1. We are encouraged to become hair obsessed in order to keep the personal care industry profitable. Even men these days are practicing a kind of hyper-grooming that was the sole domain of women until recently.

      It can get a little phobic, but it sells a lot of product.

      I am more along the lines of you hair care regime, and Linda, too. However, I still haven't talked Linda into having me take the clippers to her head for a little 1/8" action. She is getting close, though. Your comment might inspire her to take the plunge...

  8. Love reading all the women who don't buy the hairless hype! Gregg, I agree -- it's all fabricated to sell more products, and to teach women to not trust themselves or their bodies. My philosophy is that we have hair on certain areas of the body for a reason. Why mess with Nature's design?

    RE: Women and very short hair: I've had short hair for 12+ years and would never go back. I love my curls, so don't see ever going super-short; for the women who do, they're gorgeous!

    1. Erin, Linda has long hair, and every day I pin it up for her and make it short hair. I am not sure why we don't just cut it short.

      Either way, short or very short takes some guts for while hair in other places is taboo, hair on the head is sacrosanct. Especially for women.

      I can get away with a Walt White look. Linda? Maybe not so much.

  9. Anonymous10/02/2013

    I suppose I shave to save myself from shame. I had a classmate tell me my legs were hairy at age 11, and the guy I had a crush on would stare at them as we walked during our running route in gym class. It was humiliating. I borrowed my dad's razor. When I was in my early 20s, I didn't shave for a few days and my now ex-boyfriend and I were having sex, and I raised my arms and he looked at them with this disgusted look in his face, and finished quickly.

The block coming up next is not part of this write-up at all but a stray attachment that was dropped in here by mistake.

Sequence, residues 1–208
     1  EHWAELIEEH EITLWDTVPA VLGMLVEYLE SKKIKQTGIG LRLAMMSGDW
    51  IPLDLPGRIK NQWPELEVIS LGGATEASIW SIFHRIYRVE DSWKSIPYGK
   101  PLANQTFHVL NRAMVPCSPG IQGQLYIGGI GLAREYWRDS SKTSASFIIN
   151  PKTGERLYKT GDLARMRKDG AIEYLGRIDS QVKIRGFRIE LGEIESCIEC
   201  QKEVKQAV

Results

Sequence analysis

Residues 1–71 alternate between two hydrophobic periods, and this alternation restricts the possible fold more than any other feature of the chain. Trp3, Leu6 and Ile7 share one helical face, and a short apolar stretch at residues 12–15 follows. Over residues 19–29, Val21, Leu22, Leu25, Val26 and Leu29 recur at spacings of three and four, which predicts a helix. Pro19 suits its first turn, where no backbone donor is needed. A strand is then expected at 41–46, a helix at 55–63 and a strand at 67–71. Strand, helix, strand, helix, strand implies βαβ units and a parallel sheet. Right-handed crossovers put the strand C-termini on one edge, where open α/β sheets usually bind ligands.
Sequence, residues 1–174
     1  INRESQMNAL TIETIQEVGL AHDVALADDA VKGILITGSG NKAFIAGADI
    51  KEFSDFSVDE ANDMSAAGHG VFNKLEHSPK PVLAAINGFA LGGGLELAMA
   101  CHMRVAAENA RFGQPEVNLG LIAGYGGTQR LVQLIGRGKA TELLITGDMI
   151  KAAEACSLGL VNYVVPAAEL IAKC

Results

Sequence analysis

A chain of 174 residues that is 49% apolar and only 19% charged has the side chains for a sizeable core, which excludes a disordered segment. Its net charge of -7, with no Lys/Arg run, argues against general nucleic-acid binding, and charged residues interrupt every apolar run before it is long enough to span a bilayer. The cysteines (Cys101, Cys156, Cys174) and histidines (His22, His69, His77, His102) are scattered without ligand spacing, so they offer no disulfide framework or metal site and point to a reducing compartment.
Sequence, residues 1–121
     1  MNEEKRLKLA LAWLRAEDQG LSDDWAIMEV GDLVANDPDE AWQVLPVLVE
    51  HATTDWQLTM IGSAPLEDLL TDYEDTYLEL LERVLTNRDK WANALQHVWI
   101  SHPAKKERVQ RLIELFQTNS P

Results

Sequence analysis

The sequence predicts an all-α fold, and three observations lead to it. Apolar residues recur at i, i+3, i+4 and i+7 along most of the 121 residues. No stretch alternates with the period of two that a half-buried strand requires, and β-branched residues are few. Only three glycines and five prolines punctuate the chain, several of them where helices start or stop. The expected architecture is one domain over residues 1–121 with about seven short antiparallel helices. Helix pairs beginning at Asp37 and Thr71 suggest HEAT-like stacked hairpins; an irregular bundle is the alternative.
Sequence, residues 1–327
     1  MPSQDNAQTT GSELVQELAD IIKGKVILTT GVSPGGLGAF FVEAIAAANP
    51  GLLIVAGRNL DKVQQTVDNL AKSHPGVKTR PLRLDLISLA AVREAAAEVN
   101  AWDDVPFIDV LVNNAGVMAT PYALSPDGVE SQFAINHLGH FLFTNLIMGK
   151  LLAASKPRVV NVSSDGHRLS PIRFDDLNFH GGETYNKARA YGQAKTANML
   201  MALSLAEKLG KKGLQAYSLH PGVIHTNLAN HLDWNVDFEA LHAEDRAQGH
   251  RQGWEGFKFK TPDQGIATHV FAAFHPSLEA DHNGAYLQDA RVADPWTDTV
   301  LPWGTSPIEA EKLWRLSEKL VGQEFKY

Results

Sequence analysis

I don't have a boyfriend right now, but I shave everyday to lessen the smell and because I have to look at myself, and I care, so I shave my upper and lower legs and armpits. Perhaps those two incidents affected me more then I realize, seeing it all in writing now. I wish I could say I don't care, but I do.

    1. Anonymous, You have said what most women would say if they were being honest with themselves. Most men, too, I guess, or we would see more beards.

      Linda has had similar experiences, and they affected her attitudes deeply as well. It is hard not to care, especially when you are in your younger formative years.

      Peer pressure is harsh, relentless and hard to ignore. It often stems from ignorance, like your ex- boyfriend.

      Advertisers have portrayed women in ways that are unnatural and unachievable. Dissatisfied people buy more products in their failed attempt to achieve the impossible airbrushed ideal.

      More products purchased means more profit. Yes, they are profiting from the unhappiness, embarrassment, and shame that they themselves have manufactured in consumers.

      Thank you for sharing your powerful story.